"We're deadly serious about this," Luetkemeyer said of the House GOP plan. "We're not playing games on our side of the building."

The labor vote today stems from the National Labor Relations Board's actions after Boeing's decision to open its 787 Dreamliner production line this summer in right-to-work South Carolina. Boeing claims its decision was made for economic reasons. The NLRB contends the company was punishing unionized workers in Washington state and wants the work returned there.

Rep. Russ Carnahan, D-St. Louis, is among 16 House members targeted in a million-dollar radio and Web ad campaign by business groups leading up to the vote. The ads accuses "unaccountable bureaucrats" of overstepping their authority and urges support for the House effort to undercut the NLRB.

The GOP-drawn bills aim heavily at the EPA. Next week, the House plans to target two EPA efforts: a rule called maximum available control technology, which is designed to reduce mercury and other pollutants from power plant emissions by 2015; and the so-called cross state rule, requiring 27 states, including Missouri and Illinois, to remove additional sulfur dioxide and nitrogen oxide pollutants from the air.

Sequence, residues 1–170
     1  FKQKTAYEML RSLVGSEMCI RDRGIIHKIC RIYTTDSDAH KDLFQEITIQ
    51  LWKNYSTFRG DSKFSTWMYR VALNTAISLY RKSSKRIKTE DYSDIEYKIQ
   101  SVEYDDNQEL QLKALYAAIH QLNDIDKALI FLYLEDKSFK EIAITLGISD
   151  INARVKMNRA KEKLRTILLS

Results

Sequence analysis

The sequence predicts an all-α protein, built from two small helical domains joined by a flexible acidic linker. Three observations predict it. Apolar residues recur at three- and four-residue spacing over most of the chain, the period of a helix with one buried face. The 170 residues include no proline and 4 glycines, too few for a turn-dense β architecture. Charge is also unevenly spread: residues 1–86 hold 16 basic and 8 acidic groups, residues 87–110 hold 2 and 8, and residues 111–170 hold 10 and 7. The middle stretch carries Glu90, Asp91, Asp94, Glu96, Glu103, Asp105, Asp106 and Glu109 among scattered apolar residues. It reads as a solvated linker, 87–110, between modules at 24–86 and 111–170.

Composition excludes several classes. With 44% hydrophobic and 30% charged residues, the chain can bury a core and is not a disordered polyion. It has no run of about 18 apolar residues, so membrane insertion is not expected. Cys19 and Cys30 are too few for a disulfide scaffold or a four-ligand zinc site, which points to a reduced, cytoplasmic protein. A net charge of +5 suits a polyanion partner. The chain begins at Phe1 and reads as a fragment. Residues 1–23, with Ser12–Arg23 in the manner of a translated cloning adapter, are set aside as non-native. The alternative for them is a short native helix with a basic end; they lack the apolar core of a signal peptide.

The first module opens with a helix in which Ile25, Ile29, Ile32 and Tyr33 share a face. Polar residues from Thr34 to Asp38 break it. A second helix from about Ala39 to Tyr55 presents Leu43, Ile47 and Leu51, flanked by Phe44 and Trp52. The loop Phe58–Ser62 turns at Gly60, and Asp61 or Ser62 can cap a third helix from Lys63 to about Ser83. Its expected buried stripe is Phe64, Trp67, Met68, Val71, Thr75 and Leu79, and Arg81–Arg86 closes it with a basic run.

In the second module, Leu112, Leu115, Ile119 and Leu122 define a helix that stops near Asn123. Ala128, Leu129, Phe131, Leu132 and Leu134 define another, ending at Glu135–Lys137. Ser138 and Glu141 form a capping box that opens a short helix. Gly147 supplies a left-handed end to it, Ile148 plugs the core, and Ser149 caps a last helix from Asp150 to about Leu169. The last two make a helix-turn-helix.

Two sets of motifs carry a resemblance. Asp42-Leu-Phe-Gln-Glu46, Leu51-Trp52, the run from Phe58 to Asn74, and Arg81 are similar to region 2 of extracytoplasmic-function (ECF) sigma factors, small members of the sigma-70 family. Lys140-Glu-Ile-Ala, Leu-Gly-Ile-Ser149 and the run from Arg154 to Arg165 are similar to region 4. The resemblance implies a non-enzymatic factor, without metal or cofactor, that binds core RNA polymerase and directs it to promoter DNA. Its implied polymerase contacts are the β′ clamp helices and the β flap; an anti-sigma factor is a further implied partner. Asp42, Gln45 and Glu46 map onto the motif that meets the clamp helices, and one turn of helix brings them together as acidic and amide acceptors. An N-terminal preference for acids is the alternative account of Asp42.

Other EPA rules in the cross hairs include the government's effort to regulate coal ash and other wastes from coal-burning, a proposal that stems from the collapse of an impoundment in Tennessee in 2008.

EPA defenders and public health advocates argue that critics' simplistic narrative focused on cost does not factor in the benefits from new regulations. The mercury and cross-state rules alone could prevent as many as 25,300 premature deaths and hundreds of thousands of lost workdays annually, they argue, citing EPA estimates.